I finally caved and got a miniature schnauzer as it's small and doesn't shed.
Well 30 seconds into dog ownership I realized the error of my ways. I loved my dog.
Two years later we got another schnauzer and just last year we rescued a third.
We put in a pellet stove and our first dog, Bonnie, can be found daily warmer her buns in front of the fire and has no problem letting me know when the pellets are getting low.
I got my wife this canvas (of Bonnie ~ Cali ~ Gracie) for Christmas because the last things she sees every time she leaves the house are these three little faces peering out from between the fence posts begging her to stay.
People who don't have dogs will think the following is goofy (no pun intended, well, maybe a little), dog owners will appreciate it though (unless of course you are Michael Vick):
A Dogs Ten Commandments.........
1. Before you take me home know that my life is likely to last 10-15 years, so please be sure you are in it for the long haul.
2. Give me time to understand what you want from me
3. Place your trust in me. I will always trust you.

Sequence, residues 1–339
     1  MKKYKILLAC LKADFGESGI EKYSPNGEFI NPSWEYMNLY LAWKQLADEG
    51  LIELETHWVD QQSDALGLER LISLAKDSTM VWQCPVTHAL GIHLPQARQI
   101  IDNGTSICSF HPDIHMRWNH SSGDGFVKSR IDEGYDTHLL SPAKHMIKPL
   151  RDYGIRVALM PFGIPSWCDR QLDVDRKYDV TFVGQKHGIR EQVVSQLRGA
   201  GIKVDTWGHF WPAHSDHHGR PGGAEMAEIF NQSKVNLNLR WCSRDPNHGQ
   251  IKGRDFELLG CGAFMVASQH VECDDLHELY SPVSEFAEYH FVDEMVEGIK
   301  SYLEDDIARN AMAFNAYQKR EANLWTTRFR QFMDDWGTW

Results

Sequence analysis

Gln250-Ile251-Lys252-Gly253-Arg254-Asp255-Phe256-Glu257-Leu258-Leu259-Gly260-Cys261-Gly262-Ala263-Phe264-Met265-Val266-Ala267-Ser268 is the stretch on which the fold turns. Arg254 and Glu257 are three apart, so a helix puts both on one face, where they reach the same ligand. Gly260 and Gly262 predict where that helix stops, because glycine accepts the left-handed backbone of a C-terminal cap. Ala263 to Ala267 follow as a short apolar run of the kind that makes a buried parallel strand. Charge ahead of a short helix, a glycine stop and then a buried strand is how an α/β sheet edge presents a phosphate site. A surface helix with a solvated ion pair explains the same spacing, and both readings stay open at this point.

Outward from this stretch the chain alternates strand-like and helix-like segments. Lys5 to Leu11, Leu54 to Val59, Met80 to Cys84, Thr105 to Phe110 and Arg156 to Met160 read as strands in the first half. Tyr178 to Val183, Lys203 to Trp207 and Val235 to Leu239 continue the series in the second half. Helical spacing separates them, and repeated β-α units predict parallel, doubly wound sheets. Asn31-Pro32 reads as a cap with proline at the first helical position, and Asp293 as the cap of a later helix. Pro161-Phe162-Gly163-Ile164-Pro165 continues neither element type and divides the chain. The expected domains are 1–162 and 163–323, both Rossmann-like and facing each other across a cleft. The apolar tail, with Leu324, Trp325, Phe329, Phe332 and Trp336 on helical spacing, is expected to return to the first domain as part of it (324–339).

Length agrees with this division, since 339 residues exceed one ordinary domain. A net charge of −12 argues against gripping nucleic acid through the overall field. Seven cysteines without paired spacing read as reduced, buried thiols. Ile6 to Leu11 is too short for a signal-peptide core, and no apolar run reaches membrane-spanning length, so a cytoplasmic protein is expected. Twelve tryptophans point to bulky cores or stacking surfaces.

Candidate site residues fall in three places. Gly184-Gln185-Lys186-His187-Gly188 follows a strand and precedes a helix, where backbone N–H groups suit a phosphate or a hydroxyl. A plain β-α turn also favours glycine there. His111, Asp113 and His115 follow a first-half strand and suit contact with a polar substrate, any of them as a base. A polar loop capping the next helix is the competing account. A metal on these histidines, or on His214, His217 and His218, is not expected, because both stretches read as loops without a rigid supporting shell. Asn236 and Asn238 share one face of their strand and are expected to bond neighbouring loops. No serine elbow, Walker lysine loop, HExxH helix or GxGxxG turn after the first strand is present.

4. Don't be angry with me for long and don't lock me up as punishment.
5. You have your work, your entertainment, and your friends. I only have you and any separation from you is painful.
6. Talk to me. Even if I don't understand your words, I do understand your voice when speaking to me.
7. Be aware that however you treat me, I will never forget it.
8. Before you scold me for being lazy or uncooperative, ask yourself if something might be wrong. Perhaps I'm not getting the right food, I’ve been in the sun too long, or my heart might be getting old or weak.
9. Please take care of me when I grow old.
10. When it is time for me to “go on ahead”, please stay with me. Don’t say “I can't bear to watch” because I won’t want to face it alone. Everything is easier for ME if you are there, because I love you so.
Friday, January 22, 2010
A question came in asking if the contest was open to folks outside of the US and the answer is yes!
I am happy to open the contest worldwide, but as international shipping can be a bit pricey the winner will need to pay postage.
The winner would pay only the exact cost of shipping, no processing, no handling, no hidden charges, only the exact cost of moving the box from me to you.